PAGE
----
Opinion: Lake Tahoe national park only option to save us from development
September 9, 2015
For those who wish to preserve Lake Tahoe for future generations, the only viable option is to make the Lake Tahoe area a national park.
The pace of development around the lake is accelerating. The proposed 550 campsites on the west ridge of Martis Valley and yet a larger housing project close by (outside the Tahoe Basin) are a precursor of what is to come.
These two projects along Highway 267 could have a combined population equal to that of Kings Beach, only 2-3 miles down the road. This would result in a prohibitive level of congestion in that area.
The resort-like campsite, with two large community fire pits and many other tourist amenities, would be a fire hazard in spite of the developer's claims of protective precautions.
“Let us start now with a moratorium on all man-made developments around the lake. Let us take down hundreds of dilapidated structures along the shoreline and give the land back to nature to allow the lake to breathe.”
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The campsite is accessible only by one dead-end road (Fiberboard Freeway). The campsite is in the middle of a densely wooded forest with lots of under brush.
The distance from the campsite to Kingswood along a straight line down the ridge is only 2-3 miles. The forest extends through Kingswood and to Kings Beach. A forest fire there with a northerly wind would be catastrophic.
Further, the proposed campsite requires the rezoning to forest land of 112.8 acres on the ridge that are in the Tahoe Basin and currently within the jurisdiction of TRPA, so that it could be built at that location — a rezoning compromise that would be an invitation to other developers to request other compromises by TRPA.
TRPA was conceived by an act of Congress and signed by President Nixon in 1969. Its charter states, 'To preserve the scenic beauty and outdoor recreational opportunities of the region, there is a need to insure an equilibrium between the region's natural endowment and manmade environment."
However, a cursory review of population growth in the world makes it clear that this equilibrium, whatever it means, cannot be achieved on a long-term basis.
The world population as well as America's are increasing at an exponential rate; so, too, the number of tourists and developers.
During my lifetime so far, the world population almost tripled from around 2.5 billion to almost 7 billion. Hence, imagine the chaos around the lake, say, 500 years from now.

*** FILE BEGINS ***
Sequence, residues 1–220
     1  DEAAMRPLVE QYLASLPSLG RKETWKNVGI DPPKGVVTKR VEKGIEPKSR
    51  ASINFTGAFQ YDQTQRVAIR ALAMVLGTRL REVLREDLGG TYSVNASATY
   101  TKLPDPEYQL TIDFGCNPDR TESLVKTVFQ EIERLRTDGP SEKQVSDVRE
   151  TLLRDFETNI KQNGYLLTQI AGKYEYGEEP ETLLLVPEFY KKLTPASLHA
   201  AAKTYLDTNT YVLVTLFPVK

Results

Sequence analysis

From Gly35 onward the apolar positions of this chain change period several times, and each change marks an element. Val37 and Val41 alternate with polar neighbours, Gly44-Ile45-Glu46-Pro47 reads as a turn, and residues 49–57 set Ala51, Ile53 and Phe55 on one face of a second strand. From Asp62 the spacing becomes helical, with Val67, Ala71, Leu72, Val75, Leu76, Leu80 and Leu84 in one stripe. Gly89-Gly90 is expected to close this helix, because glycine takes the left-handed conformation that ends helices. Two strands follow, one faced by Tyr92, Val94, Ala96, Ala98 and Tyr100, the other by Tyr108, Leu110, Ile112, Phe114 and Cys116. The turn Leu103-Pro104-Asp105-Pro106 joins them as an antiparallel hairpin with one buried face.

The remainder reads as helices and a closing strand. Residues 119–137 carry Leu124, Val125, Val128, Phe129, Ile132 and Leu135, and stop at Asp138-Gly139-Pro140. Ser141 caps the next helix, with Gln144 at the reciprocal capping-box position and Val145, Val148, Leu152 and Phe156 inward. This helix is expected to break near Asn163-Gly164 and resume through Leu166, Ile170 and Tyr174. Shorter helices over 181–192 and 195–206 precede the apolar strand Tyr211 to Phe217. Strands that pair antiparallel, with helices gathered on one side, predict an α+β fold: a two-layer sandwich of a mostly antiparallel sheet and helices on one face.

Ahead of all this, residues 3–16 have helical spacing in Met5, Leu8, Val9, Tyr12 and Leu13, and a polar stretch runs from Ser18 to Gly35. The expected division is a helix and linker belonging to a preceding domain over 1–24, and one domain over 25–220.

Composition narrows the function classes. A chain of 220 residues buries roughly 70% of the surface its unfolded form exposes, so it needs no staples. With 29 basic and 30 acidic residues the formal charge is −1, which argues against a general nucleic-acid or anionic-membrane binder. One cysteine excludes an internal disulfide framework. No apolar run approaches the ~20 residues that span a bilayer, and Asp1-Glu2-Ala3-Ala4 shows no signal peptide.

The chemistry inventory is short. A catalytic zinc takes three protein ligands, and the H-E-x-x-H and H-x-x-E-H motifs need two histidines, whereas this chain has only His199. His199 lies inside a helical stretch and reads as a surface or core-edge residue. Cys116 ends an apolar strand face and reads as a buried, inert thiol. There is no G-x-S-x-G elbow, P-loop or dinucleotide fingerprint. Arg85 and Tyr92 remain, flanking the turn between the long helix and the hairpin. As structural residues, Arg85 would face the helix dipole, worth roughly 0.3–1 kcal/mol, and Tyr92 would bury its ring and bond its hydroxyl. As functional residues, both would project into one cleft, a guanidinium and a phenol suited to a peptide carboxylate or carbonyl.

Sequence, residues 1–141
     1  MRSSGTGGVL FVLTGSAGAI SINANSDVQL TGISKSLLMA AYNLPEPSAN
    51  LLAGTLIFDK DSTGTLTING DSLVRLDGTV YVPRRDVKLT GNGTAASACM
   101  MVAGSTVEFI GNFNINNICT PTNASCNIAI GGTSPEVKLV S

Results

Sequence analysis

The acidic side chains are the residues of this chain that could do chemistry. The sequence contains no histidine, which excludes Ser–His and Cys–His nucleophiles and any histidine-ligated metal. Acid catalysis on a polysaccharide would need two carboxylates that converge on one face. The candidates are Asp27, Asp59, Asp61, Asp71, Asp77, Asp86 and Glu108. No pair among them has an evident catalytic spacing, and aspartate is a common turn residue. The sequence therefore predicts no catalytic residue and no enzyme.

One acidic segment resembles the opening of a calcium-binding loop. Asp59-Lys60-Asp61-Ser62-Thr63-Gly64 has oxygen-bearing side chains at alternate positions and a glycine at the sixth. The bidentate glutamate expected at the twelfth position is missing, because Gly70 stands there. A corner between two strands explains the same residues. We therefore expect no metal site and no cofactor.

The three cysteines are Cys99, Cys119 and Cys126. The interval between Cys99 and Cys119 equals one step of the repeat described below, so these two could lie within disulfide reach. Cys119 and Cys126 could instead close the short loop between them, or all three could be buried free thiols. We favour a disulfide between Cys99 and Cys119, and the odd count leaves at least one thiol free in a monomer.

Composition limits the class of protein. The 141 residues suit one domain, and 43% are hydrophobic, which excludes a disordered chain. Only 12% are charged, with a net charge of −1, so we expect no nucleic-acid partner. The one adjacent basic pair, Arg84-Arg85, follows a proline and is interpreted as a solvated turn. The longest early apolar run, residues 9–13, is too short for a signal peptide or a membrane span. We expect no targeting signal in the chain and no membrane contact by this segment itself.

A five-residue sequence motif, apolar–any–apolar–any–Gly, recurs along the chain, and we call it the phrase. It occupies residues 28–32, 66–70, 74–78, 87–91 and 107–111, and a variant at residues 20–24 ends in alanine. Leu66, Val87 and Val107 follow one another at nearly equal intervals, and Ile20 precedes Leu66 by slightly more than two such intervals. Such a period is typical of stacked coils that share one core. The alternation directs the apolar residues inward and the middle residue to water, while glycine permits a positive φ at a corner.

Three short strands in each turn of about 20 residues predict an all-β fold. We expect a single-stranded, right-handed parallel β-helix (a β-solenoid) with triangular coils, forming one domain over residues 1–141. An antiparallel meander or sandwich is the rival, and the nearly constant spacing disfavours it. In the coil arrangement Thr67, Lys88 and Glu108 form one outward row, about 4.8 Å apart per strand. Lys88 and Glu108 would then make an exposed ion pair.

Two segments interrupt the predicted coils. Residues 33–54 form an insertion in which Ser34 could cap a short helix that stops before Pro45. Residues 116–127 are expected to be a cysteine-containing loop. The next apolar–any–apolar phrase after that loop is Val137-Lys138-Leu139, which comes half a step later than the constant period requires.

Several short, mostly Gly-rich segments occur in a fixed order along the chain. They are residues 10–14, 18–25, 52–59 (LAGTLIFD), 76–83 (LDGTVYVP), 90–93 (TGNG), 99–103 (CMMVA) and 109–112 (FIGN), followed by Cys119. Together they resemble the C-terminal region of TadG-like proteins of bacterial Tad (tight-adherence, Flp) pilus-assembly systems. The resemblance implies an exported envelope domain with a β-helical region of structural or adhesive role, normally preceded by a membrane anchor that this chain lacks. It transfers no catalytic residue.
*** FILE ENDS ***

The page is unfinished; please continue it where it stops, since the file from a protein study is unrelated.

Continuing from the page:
Consequently, acquiescence to developers' interests is in essence an acceptance of failure; for the idea of truly preserving the lake should be viewed not in terms of tens of years, but thousands of years.
Thus, a Lake Tahoe National Park is the only viable option.
Many will argue that the park concept is too expensive and not realistic. So let us visit recent pages of history: President Eisenhower promoted the idea of an interstate highway, consisting of tens of thousands of miles crisscrossing the country from east to west and north to south.
The cost was daunting; but the interstate was built and today nobody thinks of an America without its interstate.
President Teddy Roosevelt created five national parks, 18 national monuments, 51 bird sanctuaries, four national game refuges and more than 100 million acres of national forest.
Many objected, but today America admires what he did. And while preserving wild life he also provided a sanctuary for people to escape for a sojourn the anxieties of urban life.
Eiffel built a tower for Paris that will be there as long as there is a Paris to admire. Three thousand years ago, the Pharaohs built the pyramids for the dead, to last forever.
So let us build a park for the living that will last 1,000 years if not forever.
Let us start now with a moratorium on all man-made developments around the lake.
Let us take down hundreds of dilapidated structures along the shoreline and give the land back to nature to allow the lake to breathe.
The lake sustained its sublime beauty and inspiration for thousands of years until we came along.
Let us stop meddling with the lake lest we destroy its sublime beauty and inspiration forever.
Sid Bekowich is an Incline Village resident.